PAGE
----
Everyone knows about Giverny, but few about the gardens that preceded them and the personal circumstances that were their motivation. Late in life Monet admitted that he may have owed his love of painting to his love of flowers and gardening, which he had developed in early youth as an antidote to his unhappiness. This lecture unfolds the detail behind that statement, which is both moving and beautiful, as Monet struggles with his family, his love and his art.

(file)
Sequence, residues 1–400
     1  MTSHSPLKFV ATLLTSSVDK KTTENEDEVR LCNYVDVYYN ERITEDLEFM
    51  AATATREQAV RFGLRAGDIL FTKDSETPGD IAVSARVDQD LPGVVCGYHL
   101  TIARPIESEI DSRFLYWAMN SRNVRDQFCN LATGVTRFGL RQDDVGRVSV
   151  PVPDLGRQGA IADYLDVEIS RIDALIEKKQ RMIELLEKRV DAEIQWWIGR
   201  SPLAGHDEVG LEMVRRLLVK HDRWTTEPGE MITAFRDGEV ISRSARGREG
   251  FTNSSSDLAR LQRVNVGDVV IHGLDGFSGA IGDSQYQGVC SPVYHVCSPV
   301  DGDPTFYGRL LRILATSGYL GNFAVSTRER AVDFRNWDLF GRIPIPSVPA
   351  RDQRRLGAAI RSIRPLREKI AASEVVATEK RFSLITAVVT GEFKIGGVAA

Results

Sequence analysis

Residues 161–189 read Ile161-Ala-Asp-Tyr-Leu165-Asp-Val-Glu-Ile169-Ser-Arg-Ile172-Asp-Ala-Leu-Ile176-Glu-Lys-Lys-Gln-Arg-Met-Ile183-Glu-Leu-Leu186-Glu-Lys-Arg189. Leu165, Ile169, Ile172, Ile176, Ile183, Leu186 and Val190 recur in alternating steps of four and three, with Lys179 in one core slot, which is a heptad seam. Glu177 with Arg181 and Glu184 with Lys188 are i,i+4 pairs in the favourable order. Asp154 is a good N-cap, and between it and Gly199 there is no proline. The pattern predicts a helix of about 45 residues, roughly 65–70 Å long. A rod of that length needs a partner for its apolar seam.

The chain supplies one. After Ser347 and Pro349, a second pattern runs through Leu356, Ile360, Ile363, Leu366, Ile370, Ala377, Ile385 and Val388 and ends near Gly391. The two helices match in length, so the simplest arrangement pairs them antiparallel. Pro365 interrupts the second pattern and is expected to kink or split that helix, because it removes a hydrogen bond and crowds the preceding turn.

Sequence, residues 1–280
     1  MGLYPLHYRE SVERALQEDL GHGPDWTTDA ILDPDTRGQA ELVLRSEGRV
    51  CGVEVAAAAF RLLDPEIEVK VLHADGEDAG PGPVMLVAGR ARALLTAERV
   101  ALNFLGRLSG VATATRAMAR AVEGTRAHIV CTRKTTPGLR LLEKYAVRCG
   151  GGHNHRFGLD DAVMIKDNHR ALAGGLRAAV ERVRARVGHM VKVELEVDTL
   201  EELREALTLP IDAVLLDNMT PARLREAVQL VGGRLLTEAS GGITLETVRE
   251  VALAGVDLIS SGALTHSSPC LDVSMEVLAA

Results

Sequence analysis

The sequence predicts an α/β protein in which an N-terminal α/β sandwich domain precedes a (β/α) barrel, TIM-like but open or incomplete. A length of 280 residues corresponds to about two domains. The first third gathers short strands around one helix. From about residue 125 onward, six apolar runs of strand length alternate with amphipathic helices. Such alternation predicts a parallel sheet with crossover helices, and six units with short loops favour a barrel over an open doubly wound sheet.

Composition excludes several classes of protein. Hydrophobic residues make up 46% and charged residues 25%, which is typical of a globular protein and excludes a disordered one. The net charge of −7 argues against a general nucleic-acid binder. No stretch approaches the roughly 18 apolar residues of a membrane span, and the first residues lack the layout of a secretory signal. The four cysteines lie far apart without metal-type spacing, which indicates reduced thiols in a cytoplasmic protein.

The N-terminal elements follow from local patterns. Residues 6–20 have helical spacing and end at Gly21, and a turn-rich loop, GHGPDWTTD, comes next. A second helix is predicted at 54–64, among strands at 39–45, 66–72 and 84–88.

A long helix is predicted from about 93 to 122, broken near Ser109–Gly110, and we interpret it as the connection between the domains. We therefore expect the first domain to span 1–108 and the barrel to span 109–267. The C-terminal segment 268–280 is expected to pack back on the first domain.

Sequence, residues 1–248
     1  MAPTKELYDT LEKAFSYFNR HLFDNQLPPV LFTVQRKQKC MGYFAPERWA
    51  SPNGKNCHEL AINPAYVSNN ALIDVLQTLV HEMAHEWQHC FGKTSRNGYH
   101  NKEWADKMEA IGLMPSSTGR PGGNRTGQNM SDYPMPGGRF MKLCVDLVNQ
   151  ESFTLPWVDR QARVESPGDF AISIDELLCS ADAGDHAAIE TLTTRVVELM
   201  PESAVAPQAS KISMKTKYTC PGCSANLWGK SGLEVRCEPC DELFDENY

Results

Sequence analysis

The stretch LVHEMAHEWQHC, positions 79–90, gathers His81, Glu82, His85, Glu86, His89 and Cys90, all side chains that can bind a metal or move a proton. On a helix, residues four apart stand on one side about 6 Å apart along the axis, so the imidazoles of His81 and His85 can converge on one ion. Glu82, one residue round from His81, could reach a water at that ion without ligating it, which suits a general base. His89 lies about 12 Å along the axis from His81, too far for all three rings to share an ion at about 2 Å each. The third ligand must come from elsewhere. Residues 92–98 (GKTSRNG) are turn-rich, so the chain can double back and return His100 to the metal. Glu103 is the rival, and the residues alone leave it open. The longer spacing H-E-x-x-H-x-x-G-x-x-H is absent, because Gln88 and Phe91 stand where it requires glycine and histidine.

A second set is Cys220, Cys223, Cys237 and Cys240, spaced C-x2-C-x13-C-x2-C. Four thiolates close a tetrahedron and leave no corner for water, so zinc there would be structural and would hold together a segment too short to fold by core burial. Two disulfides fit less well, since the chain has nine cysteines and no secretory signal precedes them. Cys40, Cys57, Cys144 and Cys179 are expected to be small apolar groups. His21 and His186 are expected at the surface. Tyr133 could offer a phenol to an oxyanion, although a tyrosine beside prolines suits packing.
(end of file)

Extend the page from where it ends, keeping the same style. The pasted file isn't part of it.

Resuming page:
So many of his iconic works have their subject matter located in and around his garden, from his teenage home at Saint-Adresse, his rented homes at Argenteuil and Vétheuil to his great creation at Giverny, which became his only subject in his final years. Through diary entries and letters as well as paintings, the lecture reveals with specific horticultural and painterly detail the development of this life-long passion which climaxed in his monumental waterlily series, and which he shared with his other great gardening friend and colleague, Gustave Caillebott.